- Hardcover:352 pages
- Publisher:Algonquin Books (May 24, 2011)
- ISBN-10: 1565129903
- Source: Publisher
Dana Lynn Yarboro and Bunny Chaurisse Witherspoon are both teen girls, growing up in 1980s Atlanta. They are also half-sisters, both daughters of a bigamist, James Witherspoon. Only Dana and her mother, Gwen, are aware of James’ double life.
Dana and Bunny live vastly different lives: Dana & Gwen struggle to get by, only receiving minimal financial support from James. Dana has memories of her father sitting her down, ordering her not to reveal the truth behind their “secret family.” To all concerned, Raleigh, James’ close friend, is Dana’s father. To prevent being referred to as “illegitimate,” Raleigh goes as far as to sign Dana’s birth certificate. In Dana’s mind, however, she will always be illegitimate:
In my mind, Chaurisse is his real daughter. With wives, it only matters who gets there first. With daughters, the situation is a bit more complicated.
Chaurisse and her mother, Laverne, on the other hand, appreciate all the comforts of a “normal” family. James and Laverne married quite young; Laverne was unable to complete high school due to her pregnancy. Her only existence is that which she shares with James; she never had the opportunity to experience the milestones typical teen girls do.
James and Raleigh do their best to keep the girls apart, to prevent their meeting. However, 1980s Atlanta, according to James “ain’t nothing but a country town, and everyone knows everybody.”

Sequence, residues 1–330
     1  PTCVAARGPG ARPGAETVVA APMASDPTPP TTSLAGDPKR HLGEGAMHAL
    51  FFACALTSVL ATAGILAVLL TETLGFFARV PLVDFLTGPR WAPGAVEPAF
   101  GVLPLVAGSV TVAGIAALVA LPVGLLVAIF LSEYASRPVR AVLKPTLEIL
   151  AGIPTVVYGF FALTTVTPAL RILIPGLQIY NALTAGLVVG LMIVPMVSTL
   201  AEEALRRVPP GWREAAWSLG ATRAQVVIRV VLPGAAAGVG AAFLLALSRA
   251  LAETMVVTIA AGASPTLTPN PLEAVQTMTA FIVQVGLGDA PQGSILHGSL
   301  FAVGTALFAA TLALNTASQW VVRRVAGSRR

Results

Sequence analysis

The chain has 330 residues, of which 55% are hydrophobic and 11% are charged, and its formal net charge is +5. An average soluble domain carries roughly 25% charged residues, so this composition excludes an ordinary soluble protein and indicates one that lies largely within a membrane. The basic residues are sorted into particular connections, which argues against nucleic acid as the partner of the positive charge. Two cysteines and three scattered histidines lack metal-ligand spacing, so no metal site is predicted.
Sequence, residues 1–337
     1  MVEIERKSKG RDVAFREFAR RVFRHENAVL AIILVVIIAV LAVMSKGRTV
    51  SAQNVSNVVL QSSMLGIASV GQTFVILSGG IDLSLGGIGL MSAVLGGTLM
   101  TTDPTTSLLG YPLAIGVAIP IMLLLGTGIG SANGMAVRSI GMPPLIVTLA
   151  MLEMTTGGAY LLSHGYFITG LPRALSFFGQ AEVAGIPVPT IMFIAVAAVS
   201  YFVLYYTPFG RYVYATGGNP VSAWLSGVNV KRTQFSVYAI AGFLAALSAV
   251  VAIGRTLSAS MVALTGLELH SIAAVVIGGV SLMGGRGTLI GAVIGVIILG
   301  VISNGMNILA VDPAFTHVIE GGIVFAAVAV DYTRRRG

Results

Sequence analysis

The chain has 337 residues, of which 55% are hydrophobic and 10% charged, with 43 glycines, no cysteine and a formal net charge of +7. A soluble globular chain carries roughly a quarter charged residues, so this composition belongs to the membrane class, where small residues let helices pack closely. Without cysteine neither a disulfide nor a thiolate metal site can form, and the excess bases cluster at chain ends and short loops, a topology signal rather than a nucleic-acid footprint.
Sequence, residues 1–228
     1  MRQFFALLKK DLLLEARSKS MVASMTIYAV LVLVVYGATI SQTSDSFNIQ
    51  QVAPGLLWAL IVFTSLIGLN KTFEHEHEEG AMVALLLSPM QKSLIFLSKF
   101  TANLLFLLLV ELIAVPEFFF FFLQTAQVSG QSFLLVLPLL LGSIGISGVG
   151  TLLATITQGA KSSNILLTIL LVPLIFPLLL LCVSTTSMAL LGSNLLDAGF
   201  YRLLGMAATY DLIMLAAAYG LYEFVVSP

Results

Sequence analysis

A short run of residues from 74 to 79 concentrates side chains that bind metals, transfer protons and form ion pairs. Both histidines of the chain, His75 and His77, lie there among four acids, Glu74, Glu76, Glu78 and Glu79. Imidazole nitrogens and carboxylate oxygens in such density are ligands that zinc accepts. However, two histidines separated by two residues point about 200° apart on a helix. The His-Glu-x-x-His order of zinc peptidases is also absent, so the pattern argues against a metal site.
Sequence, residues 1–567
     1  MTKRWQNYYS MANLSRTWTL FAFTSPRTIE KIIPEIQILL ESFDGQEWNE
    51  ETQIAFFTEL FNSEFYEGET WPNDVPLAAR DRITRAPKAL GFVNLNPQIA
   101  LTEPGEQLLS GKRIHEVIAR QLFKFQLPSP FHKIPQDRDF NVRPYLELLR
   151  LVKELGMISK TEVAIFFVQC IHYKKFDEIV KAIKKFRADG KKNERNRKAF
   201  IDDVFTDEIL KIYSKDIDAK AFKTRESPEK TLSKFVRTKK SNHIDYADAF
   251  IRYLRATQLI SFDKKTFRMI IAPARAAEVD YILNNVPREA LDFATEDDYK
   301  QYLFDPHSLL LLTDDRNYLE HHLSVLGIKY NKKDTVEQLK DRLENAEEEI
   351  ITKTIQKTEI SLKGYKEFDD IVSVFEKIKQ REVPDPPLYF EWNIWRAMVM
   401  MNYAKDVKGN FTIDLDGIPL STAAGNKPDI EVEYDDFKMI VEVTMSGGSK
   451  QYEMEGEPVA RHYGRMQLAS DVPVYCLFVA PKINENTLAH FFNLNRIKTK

I read Silver Sparrow in one sitting, unable to tear myself away from the story of these two girls. The first line: “My father, James Witherspoon, is a bigamist.” This sentence prepares the reader for the drama that is about to ensue.
Silver Sparrow is told by the viewpoints of both girls; the first half in Dana’s voice and the second in Chaurisse’s. The reader can’t help but feel sympathy for Dana; she knows of her father’s “deception,” realizes there is another family who she’s forced to share him with. the lack of a male role model forces her to make poor decisions, all due to desperation for male attention and love.
On the opposite side, Chaurisse and Laverne are completely clueless; they live years believing their family is a secure and normal one.
The insecurities each of the girls feel is quite compelling: Dana and her mother are attractive but this is not apparent in their feelings about themselves due to the lack of security they feel as a family. Chaurisse and Laverne, on the other hand, are plain, typical women and have a sense, albeit false, of security in their lives. Each family is missing something, apparent or not.
Since Silver Sparrow is told through the eyes of Dana and Chaurisse; the reader doesn’t get to see the saga in the eyes of the two mothers, or James and Raleigh. I believe this adds to these unique novel; had it been told by the two wives the reader would experience a completely different story.
Bottom line: Silver Sparrow is a stunning novel with several topics and themes worth discussing, making this the perfect book club choice. Highly recommended.
Tags: Algonquin Books, General Fiction, Literary Fiction, Review, Women's Fiction